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Silver in Winter, and in Shade | Letter from the Editor

silver-in-winter-and-in-shade-letter-from-the-editor

Winter is generally not a gardener friend. I have to admit, however, that the effect on my garden is magical when the first frosts hit – or even when snow dusts off. I look forward to that here in New England every year. The way in which the plants seem to be sprinkled with the finest iridescent glitter is a sight that supports me in the coming months of dark sadness.

Maybe that’s why I love silver-colored plants so much. Your ability to repeat that early winter magic year-round is so enticing. And when you incorporate this trait into a plant that thrives in dark and sometimes bleak shade, it’s even better. Unfortunately, I only have a few silver-colored shade plants. But after reading Frank Fitzgerald’s article Silver in the Shade in our last issue, my spring shopping list grew exponentially. Among his suggestions is the Brunnera ‘Sea Heart’, a newer variety known as a more vigorous plant than the more popular Brunnera ‘Jack Frost’. And while that alone would justify its place on my shopping list, ‘Sea Heart’ also tolerates heat and moisture quite well, which means that its sparkling silver-green leaves don’t get crispy like my other brunneras in summer.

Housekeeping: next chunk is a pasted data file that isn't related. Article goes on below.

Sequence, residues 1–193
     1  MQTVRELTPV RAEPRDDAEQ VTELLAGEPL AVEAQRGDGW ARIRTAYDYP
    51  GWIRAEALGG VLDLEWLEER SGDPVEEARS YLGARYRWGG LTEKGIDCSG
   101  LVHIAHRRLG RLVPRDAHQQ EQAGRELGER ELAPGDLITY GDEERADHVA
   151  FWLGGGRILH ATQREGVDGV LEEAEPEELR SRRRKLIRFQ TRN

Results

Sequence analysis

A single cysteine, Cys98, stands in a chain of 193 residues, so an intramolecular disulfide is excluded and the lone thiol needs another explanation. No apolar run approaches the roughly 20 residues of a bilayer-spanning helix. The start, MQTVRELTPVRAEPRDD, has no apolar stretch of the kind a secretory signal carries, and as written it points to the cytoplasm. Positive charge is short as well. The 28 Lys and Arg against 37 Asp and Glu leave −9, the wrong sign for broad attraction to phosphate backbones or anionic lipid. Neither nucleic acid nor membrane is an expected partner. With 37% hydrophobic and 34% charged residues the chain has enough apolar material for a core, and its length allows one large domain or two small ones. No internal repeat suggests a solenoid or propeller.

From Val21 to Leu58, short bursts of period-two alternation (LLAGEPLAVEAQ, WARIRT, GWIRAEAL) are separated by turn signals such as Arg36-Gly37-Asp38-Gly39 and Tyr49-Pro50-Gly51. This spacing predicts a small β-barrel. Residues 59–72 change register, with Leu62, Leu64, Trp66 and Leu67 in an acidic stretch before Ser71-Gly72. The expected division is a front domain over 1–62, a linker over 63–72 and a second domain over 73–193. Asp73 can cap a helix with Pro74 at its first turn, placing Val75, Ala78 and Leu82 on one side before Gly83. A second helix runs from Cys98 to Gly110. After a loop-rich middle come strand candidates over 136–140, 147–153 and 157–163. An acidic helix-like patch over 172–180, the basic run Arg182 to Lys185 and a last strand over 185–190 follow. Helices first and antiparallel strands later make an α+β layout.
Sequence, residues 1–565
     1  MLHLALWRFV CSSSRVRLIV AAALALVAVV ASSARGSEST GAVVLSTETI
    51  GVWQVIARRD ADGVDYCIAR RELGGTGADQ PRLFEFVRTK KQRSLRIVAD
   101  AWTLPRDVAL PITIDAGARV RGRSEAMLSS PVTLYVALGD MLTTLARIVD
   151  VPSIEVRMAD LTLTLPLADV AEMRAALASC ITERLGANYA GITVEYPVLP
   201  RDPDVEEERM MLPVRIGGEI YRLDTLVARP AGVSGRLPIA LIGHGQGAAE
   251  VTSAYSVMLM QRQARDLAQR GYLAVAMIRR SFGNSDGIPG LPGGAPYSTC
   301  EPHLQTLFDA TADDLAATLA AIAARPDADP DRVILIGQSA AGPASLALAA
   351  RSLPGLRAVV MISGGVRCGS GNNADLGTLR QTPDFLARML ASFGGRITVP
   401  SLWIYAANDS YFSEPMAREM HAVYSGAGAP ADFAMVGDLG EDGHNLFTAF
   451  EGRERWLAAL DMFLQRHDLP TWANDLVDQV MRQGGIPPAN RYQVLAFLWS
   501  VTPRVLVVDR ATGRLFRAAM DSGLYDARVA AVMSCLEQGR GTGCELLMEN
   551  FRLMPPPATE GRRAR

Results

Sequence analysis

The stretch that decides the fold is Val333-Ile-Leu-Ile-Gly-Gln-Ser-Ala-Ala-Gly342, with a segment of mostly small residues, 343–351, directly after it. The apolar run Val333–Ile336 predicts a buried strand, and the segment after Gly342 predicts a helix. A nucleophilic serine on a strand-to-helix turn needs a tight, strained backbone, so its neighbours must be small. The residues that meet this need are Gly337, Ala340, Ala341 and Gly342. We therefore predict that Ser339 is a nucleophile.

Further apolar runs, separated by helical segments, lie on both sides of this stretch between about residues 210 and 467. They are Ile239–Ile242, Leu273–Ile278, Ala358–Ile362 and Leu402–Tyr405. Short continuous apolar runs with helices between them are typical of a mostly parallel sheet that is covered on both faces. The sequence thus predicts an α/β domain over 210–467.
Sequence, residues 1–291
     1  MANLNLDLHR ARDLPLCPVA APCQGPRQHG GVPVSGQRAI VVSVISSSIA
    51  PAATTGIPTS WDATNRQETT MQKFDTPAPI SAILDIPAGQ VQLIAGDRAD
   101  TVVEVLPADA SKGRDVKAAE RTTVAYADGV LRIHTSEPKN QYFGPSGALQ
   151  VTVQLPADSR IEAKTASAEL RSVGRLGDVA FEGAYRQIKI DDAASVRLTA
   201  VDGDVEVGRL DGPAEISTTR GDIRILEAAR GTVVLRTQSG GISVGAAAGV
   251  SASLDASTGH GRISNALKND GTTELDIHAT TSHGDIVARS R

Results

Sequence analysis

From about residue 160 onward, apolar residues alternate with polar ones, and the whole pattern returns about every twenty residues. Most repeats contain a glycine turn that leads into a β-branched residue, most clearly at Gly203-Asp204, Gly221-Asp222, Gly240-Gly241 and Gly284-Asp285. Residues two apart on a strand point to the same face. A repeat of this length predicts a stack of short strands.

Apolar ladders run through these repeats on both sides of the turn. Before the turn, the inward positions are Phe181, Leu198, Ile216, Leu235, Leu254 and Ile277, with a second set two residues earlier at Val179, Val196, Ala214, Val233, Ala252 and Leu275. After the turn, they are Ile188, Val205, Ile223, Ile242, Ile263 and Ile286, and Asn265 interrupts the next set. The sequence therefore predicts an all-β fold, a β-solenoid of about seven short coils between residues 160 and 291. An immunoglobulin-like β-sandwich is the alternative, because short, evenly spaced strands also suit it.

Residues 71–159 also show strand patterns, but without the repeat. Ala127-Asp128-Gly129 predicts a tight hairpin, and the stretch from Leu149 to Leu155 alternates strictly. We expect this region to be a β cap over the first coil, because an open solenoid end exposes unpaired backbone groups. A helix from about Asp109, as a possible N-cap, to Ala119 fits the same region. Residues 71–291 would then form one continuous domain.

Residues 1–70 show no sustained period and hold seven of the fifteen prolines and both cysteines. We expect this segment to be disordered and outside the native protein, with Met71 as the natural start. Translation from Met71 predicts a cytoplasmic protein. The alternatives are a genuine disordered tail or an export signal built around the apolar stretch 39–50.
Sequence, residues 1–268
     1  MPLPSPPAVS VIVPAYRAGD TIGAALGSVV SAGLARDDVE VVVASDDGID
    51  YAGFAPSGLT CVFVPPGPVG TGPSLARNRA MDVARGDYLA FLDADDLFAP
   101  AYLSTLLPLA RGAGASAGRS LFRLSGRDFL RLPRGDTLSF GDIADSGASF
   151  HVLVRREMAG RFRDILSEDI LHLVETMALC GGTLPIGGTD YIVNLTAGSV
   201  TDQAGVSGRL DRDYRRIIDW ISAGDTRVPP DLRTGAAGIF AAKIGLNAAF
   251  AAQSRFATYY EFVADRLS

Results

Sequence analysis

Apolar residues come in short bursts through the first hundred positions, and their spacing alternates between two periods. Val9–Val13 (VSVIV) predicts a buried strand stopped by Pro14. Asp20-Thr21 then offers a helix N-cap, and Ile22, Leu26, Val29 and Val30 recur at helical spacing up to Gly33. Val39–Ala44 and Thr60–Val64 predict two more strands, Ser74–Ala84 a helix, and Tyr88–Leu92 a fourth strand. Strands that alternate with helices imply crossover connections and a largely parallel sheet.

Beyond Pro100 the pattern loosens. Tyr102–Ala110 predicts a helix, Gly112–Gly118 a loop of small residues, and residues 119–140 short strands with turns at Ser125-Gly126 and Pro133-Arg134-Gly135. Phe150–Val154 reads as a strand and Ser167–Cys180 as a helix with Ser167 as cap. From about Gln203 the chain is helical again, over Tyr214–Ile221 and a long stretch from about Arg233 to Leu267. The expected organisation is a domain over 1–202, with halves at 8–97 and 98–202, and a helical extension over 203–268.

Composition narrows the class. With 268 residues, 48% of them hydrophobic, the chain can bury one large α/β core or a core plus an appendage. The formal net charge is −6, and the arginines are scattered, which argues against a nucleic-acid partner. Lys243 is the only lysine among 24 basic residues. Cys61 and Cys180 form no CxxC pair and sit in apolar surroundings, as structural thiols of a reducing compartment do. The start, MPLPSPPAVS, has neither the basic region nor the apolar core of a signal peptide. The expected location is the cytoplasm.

As I write this letter, I am staring out the window at a light snow falling on my garden, and it gives the evergreens a silver sheen. Watching this gives me even more justification for adding a lot more silver-colored plants to my landscape in the spring – and when my husband questions the massive indictment in the nursery, I just tell him you can’t put a price on magic.

– Danielle Sherry, Editor-in-Chief

More articles on great plants for shade:

Really tough shade plants

3 ways to use silver to brighten up your shade garden

Best colorful plants for shade for your region

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